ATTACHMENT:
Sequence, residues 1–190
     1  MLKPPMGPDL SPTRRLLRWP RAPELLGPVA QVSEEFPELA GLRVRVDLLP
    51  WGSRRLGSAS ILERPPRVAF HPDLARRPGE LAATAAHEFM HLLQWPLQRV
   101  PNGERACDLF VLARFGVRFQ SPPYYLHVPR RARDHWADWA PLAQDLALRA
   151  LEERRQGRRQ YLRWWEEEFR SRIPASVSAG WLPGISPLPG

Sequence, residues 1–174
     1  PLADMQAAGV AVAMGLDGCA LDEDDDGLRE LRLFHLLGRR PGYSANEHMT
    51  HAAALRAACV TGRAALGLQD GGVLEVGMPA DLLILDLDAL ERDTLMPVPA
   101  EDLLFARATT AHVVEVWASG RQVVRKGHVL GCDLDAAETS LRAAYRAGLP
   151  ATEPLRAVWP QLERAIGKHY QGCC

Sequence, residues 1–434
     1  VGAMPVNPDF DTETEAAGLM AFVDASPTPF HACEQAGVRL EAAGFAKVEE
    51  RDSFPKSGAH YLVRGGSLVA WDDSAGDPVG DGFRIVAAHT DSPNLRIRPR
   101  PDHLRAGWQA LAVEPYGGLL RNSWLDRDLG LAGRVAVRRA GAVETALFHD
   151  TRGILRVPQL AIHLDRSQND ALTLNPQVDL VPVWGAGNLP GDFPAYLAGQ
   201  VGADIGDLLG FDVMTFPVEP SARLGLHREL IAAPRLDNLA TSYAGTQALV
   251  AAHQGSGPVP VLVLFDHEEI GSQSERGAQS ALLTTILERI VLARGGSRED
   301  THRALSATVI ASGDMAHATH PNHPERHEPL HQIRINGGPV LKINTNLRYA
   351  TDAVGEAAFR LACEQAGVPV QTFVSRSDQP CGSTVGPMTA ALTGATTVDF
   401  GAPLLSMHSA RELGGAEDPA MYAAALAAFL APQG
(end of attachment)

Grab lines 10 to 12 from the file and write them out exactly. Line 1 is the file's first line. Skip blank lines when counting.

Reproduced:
   151  ATEPLRAVWP QLERAIGKHY QGCC

Sequence, residues 1–434
     1  VGAMPVNPDF DTETEAAGLM AFVDASPTPF HACEQAGVRL EAAGFAKVEE